The Waterloo school district is doing all it can to address the issue of bullying of students.
Or it isn’t doing nearly enough.
Both viewpoints were aired at Monday’s school board meeting.
After several parents and students expressed concerns at recent board meetings about the extent of bullying and a perceived lack of effectively dealing with it, Middle School Principal Vincent Vitale spoke to a crowd of about 100 people Monday.
He said that, in addition to the Pledge of Allegiance, students also do a daily “Purple Hands Pledge” that says students will not use their hands to hurt themselves or others.
“Most kids follow it. Not all,” Vitale said. He said for those who violate the pledge, and school rules, bullying is defined as an “imbalance of power due to size, a group versus one, intent to do harm and that behavior is repeated, including verbal, physical and social bullying.”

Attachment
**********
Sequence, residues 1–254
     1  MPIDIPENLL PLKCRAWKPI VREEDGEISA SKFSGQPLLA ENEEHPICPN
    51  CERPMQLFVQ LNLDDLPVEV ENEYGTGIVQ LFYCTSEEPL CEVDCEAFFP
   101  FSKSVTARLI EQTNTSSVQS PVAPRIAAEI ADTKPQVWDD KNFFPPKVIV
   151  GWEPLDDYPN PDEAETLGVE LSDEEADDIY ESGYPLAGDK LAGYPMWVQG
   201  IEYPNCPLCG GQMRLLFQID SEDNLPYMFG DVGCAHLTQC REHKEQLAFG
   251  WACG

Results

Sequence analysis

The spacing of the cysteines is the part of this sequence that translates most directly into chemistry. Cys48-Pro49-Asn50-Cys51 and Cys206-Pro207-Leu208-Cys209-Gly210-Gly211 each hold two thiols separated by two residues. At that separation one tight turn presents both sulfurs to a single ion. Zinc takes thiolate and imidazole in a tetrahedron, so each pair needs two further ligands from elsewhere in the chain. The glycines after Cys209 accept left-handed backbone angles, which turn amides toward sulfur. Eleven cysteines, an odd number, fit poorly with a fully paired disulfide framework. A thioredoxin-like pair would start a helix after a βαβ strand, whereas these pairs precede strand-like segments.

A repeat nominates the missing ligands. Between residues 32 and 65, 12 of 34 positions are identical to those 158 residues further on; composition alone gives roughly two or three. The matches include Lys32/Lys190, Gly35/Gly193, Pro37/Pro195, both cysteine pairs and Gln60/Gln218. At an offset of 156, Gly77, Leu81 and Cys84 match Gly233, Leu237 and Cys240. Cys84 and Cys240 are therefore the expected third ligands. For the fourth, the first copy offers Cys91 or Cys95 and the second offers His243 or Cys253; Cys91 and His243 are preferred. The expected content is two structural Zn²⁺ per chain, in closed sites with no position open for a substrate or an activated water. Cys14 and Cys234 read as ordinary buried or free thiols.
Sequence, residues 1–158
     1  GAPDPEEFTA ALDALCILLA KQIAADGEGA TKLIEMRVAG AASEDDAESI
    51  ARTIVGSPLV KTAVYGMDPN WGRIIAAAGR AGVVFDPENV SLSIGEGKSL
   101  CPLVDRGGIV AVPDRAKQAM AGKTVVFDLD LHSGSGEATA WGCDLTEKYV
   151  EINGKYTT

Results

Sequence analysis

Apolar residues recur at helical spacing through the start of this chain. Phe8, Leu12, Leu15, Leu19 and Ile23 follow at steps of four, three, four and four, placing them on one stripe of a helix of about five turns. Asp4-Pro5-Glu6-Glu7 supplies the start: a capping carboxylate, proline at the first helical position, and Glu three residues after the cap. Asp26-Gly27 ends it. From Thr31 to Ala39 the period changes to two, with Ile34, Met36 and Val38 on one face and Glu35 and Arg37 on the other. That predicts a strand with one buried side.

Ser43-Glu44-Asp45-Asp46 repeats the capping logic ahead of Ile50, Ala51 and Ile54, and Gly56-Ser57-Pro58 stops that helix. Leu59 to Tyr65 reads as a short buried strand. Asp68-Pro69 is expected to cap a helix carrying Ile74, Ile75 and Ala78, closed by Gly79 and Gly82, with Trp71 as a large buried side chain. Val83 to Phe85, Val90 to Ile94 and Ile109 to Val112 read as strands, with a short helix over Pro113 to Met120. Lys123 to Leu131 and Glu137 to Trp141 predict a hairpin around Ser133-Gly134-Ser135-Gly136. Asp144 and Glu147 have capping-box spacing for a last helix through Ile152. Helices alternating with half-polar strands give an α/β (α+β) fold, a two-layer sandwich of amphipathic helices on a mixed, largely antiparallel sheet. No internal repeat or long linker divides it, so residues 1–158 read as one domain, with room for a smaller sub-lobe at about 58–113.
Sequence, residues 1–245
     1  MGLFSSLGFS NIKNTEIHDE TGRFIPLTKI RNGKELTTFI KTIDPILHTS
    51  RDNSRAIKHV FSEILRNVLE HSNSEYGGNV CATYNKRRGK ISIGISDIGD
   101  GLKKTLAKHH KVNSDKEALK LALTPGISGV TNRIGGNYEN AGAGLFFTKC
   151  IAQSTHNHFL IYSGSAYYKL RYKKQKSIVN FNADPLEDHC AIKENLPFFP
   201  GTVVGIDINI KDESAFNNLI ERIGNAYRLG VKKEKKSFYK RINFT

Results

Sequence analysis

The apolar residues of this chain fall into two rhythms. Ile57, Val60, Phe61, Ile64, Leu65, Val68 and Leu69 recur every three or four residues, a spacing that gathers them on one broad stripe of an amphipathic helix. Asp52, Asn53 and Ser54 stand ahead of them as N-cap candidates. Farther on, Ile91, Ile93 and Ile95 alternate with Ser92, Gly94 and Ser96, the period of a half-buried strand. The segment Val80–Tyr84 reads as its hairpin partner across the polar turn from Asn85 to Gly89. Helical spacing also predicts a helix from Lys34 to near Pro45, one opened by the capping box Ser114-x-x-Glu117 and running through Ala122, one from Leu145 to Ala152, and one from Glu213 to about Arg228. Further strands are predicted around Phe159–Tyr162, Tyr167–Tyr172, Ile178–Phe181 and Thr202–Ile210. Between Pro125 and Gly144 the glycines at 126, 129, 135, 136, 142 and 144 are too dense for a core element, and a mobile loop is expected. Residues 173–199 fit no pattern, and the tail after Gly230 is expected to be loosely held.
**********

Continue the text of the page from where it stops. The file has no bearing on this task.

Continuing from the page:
“But we can confuse bullying with conflict, which is between two students. It’s different than bullying,” he said. He disagreed with those who claim the school does little or nothing in response to bullying reports. “I assure you that is not true. We have a dedicated staff who work hard to keep their students safe and on the right path.”
He listed some of the steps used by school officials to deal with bullying. They are progressive discipline, warnings, parent involvement, increased supervision, counseling support, teachable moments and mediation. “We stress prevention. We believe an ounce of prevention is worth a pound of cure,” Vitale said.
School Superintendent Terri Bavis praised Vitale as a strong student advocate. She went on to list several steps that have been implemented to deal with bullying and related issues, including revival of the character education program, increasing advisement time from 10 minutes to up to 25 minutes “and giving kids a voice at the secondary level, making them part of the decision-making at school.”